19th Oct 2016
Kimberly Knox and Kayla Bratcher worked as bartenders and servers at a Buffalo Wild Wings restaurant in Avon, Indiana. As is commonly the case with restaurant service employees, Ms. Knox and Ms. Bratcher were paid via a tip credit that resulted in them receiving $2.13/hour from their employer with the remainder of their wages coming via earned tips.
Under the Fair Labor Standards Act, in order for the aforementioned tip credit arrangement to be lawful, the employee must: (1) be engaged in an occupation in which she customarily and regularly receives more than $30.00 a month in tips; (2) be informed of the tip credit wage provisions; (3) receive an additional amount on account of the tips equal to any difference between the tip-credit wage and the mandatory minimum wage; and (4) retain all the tips she receives as a tipped employee. Furthermore, the United States Department of Labor has stated, “where the facts indicate that specific employees are routinely assigned to maintenance, or that tipped employees spend a substantial amount of time (in excess of 20 percent) performing general preparation work or maintenance, no tip credit may be taken for the time spent in such duties.” Such situations are commonly referred to as “dual jobs.”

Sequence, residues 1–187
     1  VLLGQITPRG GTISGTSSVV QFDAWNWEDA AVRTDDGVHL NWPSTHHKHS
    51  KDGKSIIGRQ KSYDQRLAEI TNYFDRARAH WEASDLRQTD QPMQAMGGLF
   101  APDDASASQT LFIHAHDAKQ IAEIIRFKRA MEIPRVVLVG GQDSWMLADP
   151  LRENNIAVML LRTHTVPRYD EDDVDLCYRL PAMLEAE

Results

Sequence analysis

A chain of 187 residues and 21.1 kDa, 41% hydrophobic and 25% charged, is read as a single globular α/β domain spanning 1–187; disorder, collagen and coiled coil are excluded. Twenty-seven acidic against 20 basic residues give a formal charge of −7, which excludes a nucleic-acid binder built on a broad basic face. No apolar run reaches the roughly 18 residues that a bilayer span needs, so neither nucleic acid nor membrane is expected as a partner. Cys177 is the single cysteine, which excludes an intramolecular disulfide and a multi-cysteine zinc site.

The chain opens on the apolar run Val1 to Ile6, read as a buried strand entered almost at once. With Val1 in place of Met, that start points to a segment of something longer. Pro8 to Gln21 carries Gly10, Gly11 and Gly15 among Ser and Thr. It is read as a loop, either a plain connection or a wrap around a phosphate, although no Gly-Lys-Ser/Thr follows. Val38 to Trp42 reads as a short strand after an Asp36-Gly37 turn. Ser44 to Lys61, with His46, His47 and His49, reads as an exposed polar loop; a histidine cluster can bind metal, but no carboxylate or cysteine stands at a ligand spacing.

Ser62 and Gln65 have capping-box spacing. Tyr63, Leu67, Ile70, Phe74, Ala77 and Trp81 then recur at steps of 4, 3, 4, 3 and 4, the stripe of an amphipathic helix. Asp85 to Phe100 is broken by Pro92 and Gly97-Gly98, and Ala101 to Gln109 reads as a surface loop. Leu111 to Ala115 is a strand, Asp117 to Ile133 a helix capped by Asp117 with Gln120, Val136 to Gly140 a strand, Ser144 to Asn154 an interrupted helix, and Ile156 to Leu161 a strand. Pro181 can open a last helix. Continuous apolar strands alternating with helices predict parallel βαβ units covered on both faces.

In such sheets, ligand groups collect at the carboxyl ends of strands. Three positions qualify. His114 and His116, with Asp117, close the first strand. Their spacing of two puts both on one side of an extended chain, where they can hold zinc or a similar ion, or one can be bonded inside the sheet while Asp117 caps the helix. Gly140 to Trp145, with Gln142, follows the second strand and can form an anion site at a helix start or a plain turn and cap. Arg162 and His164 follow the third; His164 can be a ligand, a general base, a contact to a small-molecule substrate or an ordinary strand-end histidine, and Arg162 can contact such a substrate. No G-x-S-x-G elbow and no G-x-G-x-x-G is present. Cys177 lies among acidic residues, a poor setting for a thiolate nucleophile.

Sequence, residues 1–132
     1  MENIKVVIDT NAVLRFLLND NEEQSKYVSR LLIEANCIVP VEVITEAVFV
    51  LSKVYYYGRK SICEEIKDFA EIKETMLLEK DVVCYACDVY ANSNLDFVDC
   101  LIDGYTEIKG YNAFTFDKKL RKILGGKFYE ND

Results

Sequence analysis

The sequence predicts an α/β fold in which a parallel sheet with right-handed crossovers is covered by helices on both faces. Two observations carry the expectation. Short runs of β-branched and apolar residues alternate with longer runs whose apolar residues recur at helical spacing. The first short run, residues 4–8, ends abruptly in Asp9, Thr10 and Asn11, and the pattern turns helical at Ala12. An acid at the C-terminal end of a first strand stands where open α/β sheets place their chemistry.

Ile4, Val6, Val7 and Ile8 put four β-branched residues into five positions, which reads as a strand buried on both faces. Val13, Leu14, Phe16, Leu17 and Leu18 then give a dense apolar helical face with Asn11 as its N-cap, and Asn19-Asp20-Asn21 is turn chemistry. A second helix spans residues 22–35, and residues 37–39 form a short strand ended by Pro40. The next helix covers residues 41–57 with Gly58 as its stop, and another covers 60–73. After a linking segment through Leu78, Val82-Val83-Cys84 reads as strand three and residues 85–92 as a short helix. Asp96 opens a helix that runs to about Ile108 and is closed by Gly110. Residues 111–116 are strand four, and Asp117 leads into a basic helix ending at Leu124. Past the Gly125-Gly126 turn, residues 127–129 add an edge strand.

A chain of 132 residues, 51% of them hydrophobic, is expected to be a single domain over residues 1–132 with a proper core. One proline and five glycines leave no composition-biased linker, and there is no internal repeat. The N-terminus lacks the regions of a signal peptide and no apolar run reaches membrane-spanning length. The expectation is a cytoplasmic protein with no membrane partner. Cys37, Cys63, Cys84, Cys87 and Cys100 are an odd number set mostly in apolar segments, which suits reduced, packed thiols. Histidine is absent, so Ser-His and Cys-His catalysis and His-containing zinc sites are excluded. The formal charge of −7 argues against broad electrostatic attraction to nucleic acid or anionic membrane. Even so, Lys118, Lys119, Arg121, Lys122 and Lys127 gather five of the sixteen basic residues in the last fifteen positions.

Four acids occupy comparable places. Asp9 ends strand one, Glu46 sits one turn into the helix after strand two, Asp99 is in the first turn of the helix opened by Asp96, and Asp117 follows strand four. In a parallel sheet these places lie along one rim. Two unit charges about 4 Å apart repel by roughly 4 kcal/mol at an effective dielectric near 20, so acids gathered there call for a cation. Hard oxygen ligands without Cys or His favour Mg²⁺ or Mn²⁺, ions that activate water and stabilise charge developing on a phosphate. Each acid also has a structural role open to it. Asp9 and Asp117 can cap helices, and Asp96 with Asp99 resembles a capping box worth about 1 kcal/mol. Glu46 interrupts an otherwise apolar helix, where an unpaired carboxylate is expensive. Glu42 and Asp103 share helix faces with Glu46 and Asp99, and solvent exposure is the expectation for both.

In the case of Ms. Knox and Ms. Bratcher, they alleged that they spent hours before, during, and after their shifts performing non-tipped work, including: being required to arrive at the restaurant approximately an hour before it opened to perform opening duties, which included placing chairs at tables, making tea, filling ice bins, preparing “sani” buckets, screwing nozzles into soda machines, and portioning ranch and blue cheese dressing. After their morning shifts ended, they claimed they were required to perform “out tasks, ” including: restocking the ice bins, rolling silverware, washing food platters, restocking table caddies, sweeping the floors, portioning more ranch and blue cheese dressings, cleaning trash cans, and sifting through trash bins to locate any silverware which may have been thrown away during the prior shift. When they worked the evening shifts, they were required to stay at the restaurant to perform closing duties such as: wiping down tables, removing nozzles from soda machines, placing chairs on top of tables, sweeping, vacuuming, mopping and deck scrubbing the floors, cleaning the tea urns, washing food platters, bowls, and silverware, rolling the clean silverware, dumping the trash, cleaning trash cans, and checking for accidentally disposed of silverware. During their shifts, they were required to perform additional work between the times they were serving customers, including: washing dirty silverware and food platters,